Jezebel just reminded me that the guy who I was saying died (Brad Renfro) was in Ghost World! I effing love that movie! I totally forgot he was even in it! Maybe because they totally changed a ton of stuff from the comic, which I know much better than the movie, wherein the Brad Renfro character is way less cool than Brad Renfro was, making me forget his character entirely.
Actually, as much as I love some things about that movie, there were a lot of things they randomly changed from the comic which made no sense. She never has sex with Seymore! Eww! That doesn't happen in the comic! Enid would be all 'EWW! GET AWAY FROM ME PERV!'
I realise I sound like my dad bitching about Spiderman movie/comic indiscrepancies, but superhero comics usually have long story arcs (arcs? lines?) and go on for thousands of issues. The stories change all over the place (and then turn out to have been in a parallel dimension, or a dream, or somesuch). Ghost World was one graphic novel (I hate that term) that was made into one movie. Why did they feel the need to change anything??
And what happened to the girl with cancer on her face? From the book? That they see in the cafe?
It has been a while since I saw that movie.
In further comic-related news, yesterday I received an American Comic compendium (I'll find out the actual name later when I get home) edited by Chris Ware, who is awesome. (from my Amazon wishlist!!! Thankyous to come soon!) I carried it around all day in my ever heavier bag (now my back, it hurts!) and read bits of it on the train from place to place. It is really great, it has exerpts from lots of different modern comics (you know, graphic novel comics) and one of them made me cry! I will scan it later when I get home. It was by a woman, and had a little strip ofwhat her and her young daughter did on a sunny day. It's very inconsequential (our skirts puffed up like cakes in the wind! We ran inside!) but the last frame says something like 'It was 1987 when your time was solely mine'. Its making me tear up now!!!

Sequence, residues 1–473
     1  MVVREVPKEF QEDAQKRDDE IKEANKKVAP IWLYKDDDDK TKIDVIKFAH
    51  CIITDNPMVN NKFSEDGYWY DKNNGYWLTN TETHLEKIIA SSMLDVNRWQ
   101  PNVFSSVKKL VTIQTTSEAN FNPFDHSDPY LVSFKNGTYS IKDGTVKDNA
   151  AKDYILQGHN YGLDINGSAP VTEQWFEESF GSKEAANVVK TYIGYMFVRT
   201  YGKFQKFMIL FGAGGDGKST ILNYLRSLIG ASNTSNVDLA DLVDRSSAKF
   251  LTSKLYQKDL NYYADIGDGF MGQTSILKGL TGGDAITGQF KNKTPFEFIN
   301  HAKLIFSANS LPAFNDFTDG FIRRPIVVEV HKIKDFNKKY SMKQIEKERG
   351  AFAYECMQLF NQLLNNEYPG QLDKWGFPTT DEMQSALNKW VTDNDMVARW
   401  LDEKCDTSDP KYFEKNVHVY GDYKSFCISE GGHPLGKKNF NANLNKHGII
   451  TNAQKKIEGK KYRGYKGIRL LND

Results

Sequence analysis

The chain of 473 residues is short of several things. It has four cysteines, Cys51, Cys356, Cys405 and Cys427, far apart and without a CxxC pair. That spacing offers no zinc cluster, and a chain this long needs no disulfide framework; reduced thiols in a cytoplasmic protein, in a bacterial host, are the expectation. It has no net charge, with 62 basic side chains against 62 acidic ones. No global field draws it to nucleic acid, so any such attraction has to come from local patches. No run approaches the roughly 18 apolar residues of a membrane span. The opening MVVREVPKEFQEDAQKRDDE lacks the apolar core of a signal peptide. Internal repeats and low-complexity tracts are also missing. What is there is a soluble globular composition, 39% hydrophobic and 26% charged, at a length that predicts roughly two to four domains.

I don't know what it is about things that are wistful about childhoods past that make me so soppy, but gosh, they do. You know the ends of movies where they have a recap of all the characters lives after the movie, and it says 'Frank went on to have a family, and worked in the paper mill all his days, and Mary moved away to the city and married a banker' that makes me cry!!! I guess it has something to do with the endless possibilities of youth, and the inevitable tedium that ensues. I don't know, but it is seriously the one thing that is guaranteed to make me well-up.